There is much potential for generative AI to enhance efforts around CI/CD. Generative AI models could assist in areas like analyzing code changes, identifying potential issues and suggesting new automation. They could also suggest new rules and policies to ensure artifacts are properly released. The results should help move code from development into production faster with less obstruction.

“One area which can highly benefit from this auto-generation is DataOps, MLOps and DevOps pipelines based on text specifications,” said Rao. “Depending on the IT infrastructure and application context, we could generate specific Ops pipelines for processing data and deployment of apps. We could even commission cloud infrastructure as code by building terraform scripts based on the description of the cloud infrastructure. Over time we will see such solutions drastically change the DevOps pipeline.”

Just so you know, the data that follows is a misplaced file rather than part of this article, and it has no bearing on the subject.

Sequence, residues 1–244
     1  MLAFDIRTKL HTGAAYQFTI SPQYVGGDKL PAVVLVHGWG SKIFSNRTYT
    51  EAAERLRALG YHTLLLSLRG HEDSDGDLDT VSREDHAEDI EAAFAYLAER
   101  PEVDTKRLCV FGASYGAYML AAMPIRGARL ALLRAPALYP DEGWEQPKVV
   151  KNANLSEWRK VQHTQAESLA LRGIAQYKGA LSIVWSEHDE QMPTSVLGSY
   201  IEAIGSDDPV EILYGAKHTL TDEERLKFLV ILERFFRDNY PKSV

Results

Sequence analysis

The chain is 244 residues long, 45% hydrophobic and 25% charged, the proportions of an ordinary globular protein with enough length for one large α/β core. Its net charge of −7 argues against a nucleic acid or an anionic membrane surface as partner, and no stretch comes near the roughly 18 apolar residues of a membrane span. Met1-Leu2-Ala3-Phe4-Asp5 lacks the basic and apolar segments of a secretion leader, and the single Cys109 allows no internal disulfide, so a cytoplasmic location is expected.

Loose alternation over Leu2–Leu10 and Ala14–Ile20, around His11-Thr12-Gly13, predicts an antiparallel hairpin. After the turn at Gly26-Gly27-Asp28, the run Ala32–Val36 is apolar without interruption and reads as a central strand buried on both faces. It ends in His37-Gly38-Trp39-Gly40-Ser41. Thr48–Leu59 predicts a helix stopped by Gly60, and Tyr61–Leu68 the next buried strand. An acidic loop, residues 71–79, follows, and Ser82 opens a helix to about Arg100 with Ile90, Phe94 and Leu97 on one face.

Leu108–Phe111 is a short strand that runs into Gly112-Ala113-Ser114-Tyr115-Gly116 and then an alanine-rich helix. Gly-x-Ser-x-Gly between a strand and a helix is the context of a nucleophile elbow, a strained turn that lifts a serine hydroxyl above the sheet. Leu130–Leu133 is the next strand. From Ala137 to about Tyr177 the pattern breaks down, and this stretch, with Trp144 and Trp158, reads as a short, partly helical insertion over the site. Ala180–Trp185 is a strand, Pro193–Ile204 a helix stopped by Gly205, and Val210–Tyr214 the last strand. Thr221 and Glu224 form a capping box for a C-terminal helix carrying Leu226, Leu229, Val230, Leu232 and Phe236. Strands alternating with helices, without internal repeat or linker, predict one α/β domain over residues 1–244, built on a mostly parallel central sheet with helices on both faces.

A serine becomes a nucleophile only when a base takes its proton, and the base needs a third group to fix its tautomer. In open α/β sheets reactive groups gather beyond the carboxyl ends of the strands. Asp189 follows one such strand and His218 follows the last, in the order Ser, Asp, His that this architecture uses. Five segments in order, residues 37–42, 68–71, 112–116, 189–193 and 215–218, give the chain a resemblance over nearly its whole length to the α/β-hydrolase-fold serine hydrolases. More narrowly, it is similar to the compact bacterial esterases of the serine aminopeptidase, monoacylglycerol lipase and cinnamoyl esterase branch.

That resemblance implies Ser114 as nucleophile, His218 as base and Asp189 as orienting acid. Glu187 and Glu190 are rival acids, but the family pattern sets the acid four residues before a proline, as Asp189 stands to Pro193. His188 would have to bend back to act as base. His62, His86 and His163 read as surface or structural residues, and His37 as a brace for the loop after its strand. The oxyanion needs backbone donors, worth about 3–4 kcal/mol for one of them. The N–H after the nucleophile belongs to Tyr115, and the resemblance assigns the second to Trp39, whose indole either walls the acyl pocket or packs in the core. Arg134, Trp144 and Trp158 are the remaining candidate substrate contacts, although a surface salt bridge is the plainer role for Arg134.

Driving Cloud-Native Observability

Generative AI could be applied to analyze vast amounts of real-time data from cloud-native environments. This could be used to detect anomalies, such as errors or security incidents, which could negatively affect reliability. For example, Virtana is adding generative AI to its AIOps platform to enhance its observability efforts.

After accumulating enough data in the form of metrics, logs and traces, you could spot trends and automate more IT processes. For example, more AI-driven monitoring could also be used to find optimizations to reduce cost, such as fine-tuning the commissioning of GPU instances when training machine learning models.